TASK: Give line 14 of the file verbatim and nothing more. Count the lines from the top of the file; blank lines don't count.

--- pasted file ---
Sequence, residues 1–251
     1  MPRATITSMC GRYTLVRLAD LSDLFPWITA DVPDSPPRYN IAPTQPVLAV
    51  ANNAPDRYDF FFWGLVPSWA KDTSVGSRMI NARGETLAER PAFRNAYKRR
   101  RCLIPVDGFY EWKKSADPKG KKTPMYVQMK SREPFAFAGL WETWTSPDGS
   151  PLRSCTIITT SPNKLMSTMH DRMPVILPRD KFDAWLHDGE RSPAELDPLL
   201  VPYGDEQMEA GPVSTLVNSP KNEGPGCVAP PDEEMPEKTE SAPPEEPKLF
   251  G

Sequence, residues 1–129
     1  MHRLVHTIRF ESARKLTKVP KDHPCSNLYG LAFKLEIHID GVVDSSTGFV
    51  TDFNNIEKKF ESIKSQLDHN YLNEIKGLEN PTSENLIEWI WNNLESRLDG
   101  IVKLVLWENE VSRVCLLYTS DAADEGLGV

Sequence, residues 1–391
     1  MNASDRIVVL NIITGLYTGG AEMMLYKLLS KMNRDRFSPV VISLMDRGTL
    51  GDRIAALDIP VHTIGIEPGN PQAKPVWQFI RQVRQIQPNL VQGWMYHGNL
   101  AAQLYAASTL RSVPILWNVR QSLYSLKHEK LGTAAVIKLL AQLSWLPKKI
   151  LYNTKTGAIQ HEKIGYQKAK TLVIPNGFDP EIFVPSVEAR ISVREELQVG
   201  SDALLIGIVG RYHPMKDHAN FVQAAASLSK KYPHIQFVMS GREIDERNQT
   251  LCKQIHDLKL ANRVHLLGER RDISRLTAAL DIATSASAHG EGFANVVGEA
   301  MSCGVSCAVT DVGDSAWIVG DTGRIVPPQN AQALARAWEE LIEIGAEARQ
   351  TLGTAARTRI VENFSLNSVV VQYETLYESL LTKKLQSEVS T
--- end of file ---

    51  GDRIAALDIP VHTIGIEPGN PQAKPVWQFI RQVRQIQPNL VQGWMYHGNL